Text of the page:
Fitzpatrick added that police dogs have had “positive” responses to areas they were interested in.

Police said they received a tip about the remains from the Department of Homeland Security.

Members of the MS-13 gang, which originates from El Salvador, have been charged in recent killings in Long Island immigrant communities.

More than 20 killings in Long Island have been blamed on the gang since the start of last year.

MS-13 ‘INITIATION KILLINGS’: LURED TO A PARK BY GIRLS AND HACKED TO DEATH WITH MACHETES

As of last September, police estimated that there are around 400 MS-13 gang members operating in Suffolk County and more than 320 of them were arrested with the help of immigration agents, the New York Times reported.

The county has taken in 4,728 minors who came by themselves from Central America since October 2013 to June 2017, the newspaper also reported, citing federal data.

US commanders stress 'ironclad' commitment to defend SKorea

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U.S. naval commanders have reiterated Washington’s “ironclad” commitment to defend South Korea against North Korean threats as an American nuclear-powered aircraft carrier visited a South Korean port following a joint naval drill.

Rear Admiral Brad Cooper, commander of Naval Forces Korea, said aboard the USS Ronald Reagan on Saturday that the drills enhanced the allies’ ability to coordinate combine operations.

The five-day drills that ended Friday involved fighter jets, helicopters and 40 naval ships and submarines from the countries.

North Korea has accelerated its nuclear weapons and missile tests in recent months and also flew ballistic missiles over Japan.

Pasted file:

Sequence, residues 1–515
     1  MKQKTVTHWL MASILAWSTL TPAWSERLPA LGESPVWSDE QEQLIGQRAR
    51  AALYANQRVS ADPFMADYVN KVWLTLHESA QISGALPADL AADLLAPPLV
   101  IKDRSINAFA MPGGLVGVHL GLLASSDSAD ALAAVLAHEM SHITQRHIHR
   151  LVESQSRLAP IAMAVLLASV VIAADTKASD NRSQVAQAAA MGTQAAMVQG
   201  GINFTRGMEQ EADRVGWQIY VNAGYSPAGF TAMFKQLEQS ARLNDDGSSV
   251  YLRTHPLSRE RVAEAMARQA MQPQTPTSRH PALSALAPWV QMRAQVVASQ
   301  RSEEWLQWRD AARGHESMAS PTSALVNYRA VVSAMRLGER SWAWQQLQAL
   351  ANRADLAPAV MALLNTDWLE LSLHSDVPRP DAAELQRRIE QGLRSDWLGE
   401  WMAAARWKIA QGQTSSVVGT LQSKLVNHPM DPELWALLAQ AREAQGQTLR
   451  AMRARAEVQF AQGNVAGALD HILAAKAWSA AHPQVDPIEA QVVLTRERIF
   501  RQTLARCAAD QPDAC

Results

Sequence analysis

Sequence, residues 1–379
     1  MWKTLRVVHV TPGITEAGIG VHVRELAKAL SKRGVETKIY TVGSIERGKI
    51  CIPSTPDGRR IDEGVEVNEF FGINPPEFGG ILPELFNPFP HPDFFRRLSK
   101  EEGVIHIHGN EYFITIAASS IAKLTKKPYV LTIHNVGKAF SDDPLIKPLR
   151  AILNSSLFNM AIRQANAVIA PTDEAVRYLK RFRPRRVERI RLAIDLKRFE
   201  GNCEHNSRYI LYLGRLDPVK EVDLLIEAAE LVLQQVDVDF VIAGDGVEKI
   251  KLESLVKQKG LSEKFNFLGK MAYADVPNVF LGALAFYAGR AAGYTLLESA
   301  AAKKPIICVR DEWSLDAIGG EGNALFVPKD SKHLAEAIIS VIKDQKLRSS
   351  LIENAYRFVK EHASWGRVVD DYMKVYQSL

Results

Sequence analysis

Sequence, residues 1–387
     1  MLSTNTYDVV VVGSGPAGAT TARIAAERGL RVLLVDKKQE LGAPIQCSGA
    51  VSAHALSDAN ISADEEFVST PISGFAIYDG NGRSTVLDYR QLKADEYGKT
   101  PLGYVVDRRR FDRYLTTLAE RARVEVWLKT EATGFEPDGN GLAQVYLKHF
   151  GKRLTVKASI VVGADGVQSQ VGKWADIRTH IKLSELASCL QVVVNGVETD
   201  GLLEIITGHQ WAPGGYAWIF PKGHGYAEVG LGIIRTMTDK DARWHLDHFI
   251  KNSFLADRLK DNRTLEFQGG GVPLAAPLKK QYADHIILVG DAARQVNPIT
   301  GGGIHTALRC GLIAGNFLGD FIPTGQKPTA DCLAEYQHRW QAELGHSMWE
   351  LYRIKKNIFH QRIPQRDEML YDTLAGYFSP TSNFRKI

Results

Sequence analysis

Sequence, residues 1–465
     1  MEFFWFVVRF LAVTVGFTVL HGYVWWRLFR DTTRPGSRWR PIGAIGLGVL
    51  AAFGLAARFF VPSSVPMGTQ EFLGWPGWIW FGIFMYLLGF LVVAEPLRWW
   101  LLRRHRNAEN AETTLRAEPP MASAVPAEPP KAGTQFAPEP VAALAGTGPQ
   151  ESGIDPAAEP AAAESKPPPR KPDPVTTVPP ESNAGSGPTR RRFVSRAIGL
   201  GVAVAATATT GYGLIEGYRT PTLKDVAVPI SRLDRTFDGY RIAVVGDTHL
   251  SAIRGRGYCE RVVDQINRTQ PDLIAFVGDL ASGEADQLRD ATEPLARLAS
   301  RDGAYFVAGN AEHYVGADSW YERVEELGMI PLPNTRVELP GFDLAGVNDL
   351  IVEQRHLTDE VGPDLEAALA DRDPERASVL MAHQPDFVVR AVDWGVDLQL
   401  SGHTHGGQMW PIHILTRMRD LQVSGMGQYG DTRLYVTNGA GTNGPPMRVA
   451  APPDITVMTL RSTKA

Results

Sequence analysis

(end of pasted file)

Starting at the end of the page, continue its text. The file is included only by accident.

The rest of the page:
The drills came ahead of President Donald Trump’s first official visit to Asia next month that’s likely to be overshadowed by tensions with North Korea.

Czechs vote in parliamentary election for second day

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Czech citizens are voting for a second day in a parliamentary election that could install another euroskeptic government in Central Europe.

Two days of balloting that started Friday are being held to fill 200 seats in the Czech Republic’s lower house of Parliament.

Voting wraps up on Saturday afternoon and results are expected late in the day.

The centrist ANO (YES) movement led by populist billionaire Andrej Babis was the front-runner heading into the election. Polls show he is likely to become the next prime minister despite allegations of fraud linked to EU subsidies.

Babis has been critical of the European Union; he opposes the EU’s quota system on redistributing refugees and setting a date for adopting the euro.

Eight parties and groupings are in line to win seats.

Syria says Israel struck army position near Golan Heights

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The Syrian army says Israeli forces have struck one of its positions near the Golan Heights south of the country.

The army statement said Saturday’s shelling by Israeli troops came after Syrian opposition fighters fired mortar rounds that hit an open area in the Israeli-occupied Golan giving the Jewish state a pretext to bomb the army.